Won Ton Real and Drawn1A

 

The kids promised to write and post Won Ton’s story and their drawings to their blogs in a few days, so stay tuned. In the meantime, I’m sending each and every one of them a “Not Perfect Hat Club Member” badge as a way to remind them that they are each “Perfectly Not Perfect.” Thanks to you and your kids Daisy for helping us test and explore our latest CritterKin project!  - Jena Ball

 

Copyright 2014 by Jena Ball. All Rights Reserved.

 

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Posted by on Dec 2, 2014 | 0 comments

Puzzling Over “Not Perfect”

 

Jena Not Perfect Hat Collage1
Today was quite enlightening and I have the  22 wonderful kids in Daisy Marino’s fourth grade class in Texas to thank for it.

My visit with the kids began via Skype. This was nothing new for them and we settled right into our first topic – Hats! Hard hats, soft hats and stretchy hats made of rubber.  Ski hats, cowboy hats, pirate hats, baseball, football and golfing hats. Hats for firefighters, detectives, clowns and wizards. Hats that make a fashion statement, protect you from the sun and keep you safe on construction sites. You name it, we thought of it – all except for one.

“I want to talk about a very special kind of hat,” I announced, donning the sun bleached straw hat you see above. “This is my ‘Not Perfect’ hat. What do you think that means?”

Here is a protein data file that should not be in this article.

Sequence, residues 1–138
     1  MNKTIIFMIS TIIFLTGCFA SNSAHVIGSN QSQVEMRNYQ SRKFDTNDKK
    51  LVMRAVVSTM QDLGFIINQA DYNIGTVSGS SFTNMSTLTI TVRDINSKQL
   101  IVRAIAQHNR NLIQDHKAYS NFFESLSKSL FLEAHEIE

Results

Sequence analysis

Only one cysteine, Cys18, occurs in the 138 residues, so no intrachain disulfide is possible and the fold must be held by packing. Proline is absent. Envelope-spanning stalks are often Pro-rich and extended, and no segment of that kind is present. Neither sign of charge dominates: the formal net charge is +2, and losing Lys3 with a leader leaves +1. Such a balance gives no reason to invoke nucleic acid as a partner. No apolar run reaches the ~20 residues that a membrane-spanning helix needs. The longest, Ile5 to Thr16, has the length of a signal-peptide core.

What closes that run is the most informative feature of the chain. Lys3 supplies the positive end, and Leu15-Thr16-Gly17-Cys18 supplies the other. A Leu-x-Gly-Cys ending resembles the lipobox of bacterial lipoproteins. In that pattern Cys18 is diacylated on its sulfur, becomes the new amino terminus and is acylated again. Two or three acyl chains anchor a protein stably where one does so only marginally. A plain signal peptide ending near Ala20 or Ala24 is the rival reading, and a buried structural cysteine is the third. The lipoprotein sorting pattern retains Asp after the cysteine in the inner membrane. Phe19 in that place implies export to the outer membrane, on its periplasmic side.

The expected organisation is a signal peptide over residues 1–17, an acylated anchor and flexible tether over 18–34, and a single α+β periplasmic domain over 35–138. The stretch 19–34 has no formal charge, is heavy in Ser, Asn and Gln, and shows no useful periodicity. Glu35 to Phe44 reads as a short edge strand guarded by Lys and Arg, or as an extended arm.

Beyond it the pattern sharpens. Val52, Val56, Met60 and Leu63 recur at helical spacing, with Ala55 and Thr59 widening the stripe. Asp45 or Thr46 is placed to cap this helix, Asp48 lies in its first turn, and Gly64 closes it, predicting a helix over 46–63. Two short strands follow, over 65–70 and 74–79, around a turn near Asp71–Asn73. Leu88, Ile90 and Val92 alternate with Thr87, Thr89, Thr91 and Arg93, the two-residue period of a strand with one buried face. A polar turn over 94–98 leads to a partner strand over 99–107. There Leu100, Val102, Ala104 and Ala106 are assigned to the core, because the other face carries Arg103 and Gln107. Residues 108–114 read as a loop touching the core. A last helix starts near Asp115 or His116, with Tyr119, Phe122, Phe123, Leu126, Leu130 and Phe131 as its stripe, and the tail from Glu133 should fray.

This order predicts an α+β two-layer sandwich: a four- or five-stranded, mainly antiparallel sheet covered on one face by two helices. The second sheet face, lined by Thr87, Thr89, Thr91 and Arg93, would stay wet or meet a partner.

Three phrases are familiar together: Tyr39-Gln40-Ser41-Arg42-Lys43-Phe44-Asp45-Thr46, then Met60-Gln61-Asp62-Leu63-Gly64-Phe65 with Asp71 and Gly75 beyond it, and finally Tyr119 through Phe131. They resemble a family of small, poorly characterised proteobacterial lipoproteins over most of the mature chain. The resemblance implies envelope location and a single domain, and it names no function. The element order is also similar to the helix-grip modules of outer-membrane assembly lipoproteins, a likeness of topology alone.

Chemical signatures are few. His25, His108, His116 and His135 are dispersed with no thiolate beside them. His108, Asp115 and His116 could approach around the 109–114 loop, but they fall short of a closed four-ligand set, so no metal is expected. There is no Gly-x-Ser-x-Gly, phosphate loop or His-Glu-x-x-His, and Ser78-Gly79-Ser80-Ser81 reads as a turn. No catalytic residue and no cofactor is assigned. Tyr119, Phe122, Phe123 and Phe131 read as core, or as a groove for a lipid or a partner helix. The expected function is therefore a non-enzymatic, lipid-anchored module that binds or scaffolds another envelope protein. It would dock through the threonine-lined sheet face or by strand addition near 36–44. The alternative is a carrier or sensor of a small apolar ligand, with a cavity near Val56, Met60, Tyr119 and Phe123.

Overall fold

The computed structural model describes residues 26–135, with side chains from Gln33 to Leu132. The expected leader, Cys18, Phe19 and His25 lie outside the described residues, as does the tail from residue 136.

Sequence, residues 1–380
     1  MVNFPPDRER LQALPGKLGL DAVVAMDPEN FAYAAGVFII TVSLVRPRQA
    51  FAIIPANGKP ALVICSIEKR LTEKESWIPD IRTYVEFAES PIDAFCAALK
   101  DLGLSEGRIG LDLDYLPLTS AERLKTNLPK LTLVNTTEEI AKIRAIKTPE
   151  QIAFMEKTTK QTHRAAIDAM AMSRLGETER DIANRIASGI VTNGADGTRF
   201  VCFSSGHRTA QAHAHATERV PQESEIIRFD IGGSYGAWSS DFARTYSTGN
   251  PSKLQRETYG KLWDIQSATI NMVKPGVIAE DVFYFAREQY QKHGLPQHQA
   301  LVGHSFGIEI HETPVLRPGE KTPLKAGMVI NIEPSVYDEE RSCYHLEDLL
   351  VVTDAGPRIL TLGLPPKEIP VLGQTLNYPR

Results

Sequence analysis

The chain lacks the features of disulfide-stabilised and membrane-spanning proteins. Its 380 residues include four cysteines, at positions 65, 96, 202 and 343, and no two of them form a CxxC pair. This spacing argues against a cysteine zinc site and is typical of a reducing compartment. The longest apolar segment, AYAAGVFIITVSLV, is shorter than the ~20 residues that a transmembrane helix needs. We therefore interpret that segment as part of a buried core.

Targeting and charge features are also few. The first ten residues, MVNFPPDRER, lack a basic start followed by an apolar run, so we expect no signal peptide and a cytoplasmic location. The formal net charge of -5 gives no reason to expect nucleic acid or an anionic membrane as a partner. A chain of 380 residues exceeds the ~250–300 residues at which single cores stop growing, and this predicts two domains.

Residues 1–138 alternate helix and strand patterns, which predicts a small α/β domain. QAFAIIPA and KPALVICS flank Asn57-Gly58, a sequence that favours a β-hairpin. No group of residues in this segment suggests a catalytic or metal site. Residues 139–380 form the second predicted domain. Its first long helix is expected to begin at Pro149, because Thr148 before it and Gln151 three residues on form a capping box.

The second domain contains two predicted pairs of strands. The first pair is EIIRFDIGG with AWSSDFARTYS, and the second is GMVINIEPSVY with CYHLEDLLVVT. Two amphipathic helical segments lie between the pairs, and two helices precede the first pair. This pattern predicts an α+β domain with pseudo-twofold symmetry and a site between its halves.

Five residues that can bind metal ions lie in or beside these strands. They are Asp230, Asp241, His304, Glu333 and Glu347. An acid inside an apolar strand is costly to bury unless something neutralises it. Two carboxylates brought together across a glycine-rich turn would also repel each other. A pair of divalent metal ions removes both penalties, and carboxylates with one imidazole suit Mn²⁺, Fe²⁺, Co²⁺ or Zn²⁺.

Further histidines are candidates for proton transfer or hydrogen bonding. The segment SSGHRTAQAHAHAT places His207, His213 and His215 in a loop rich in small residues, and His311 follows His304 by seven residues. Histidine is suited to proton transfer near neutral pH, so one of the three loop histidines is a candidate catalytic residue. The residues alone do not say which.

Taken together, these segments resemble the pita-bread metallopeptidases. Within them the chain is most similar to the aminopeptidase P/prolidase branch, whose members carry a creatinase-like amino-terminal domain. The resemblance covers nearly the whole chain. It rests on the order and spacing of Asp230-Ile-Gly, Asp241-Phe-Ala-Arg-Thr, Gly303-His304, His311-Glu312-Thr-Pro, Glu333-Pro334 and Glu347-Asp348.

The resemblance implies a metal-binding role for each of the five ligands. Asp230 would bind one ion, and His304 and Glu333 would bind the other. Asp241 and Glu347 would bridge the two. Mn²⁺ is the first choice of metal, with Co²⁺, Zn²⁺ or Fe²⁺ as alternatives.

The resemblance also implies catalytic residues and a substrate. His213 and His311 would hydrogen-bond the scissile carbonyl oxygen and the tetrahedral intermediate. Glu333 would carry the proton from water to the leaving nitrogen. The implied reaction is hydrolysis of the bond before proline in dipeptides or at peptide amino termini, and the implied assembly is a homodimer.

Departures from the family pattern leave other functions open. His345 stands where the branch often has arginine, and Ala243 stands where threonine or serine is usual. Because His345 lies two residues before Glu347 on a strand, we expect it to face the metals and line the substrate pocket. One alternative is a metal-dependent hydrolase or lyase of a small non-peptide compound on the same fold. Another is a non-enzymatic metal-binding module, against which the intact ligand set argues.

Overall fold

This is the enlightening part.  According to the kids, “Not Perfect” means “strange,” “abnormal,”  “weird,” “different,” “bad” and “messed up.”

“Wow,” I said, “so if something isn’t perfect that means it’s abnormal or messed up?”

Hmmm….they had to admit that didn’t sound right.

“Let’s look at it another way,” I said.  “When you’re learning how to do something new like ride a skateboard or give a speech will you do it perfectly?”

“No!” was the unanimous reply.

“So it’s okay to be ‘Not Perfect’ when you’re learning something?”

“Yes,” they agreed. “It was okay.”

Daisy - Not Perfect1A

“Let’s name some people who are really, really, REALLY good at what they do,” I suggested.  A flurry of names followed – everyone from football stars and actors to the President of the United States  “Do you think they are always perfect?”

“No way,” the kids said.

“Do you think it’s possible to be perfect?”

No, they agreed, it is NOT possible to be perfect.

“So is it okay to be “Not Perfect?”

Well, if I put it like that, they guessed it was!

“So what kind of fun or interesting things could we learn if we say it’s okay to be ‘Not Perfect?’” I asked.

What followed was a delightful discussion about ways we are all “Not Perfect,” and things we’d like to do if it was okay to make mistakes and try again and again.

We ended our session with a promise to find and wear “Not Perfect Hats” to our next visit in which we’ll be drawing a “Not Perfect” dog and telling its story.

I will be eager to hear what the kids have to say about being “Not Perfect” once they’ve had a chance to think about it more. Their initial responses to the question, “What does ‘Not Perfect’ mean?’ told me a lot  about how kids judge themselves and others. If “Not Perfect” means someone or something is inherently “messed up,” “abnormal,” or “bad,” and no one is perfect, what does that say about how they think the world operates? And is it any wonder that so many kids are afraid to fail; that they judge themselves and others harshly and are afraid of change?

Stay tuned for updates as our adventure unfold…  - Jena Ball

 

Copyright 2014 by Jena Ball. All Rights Reserved.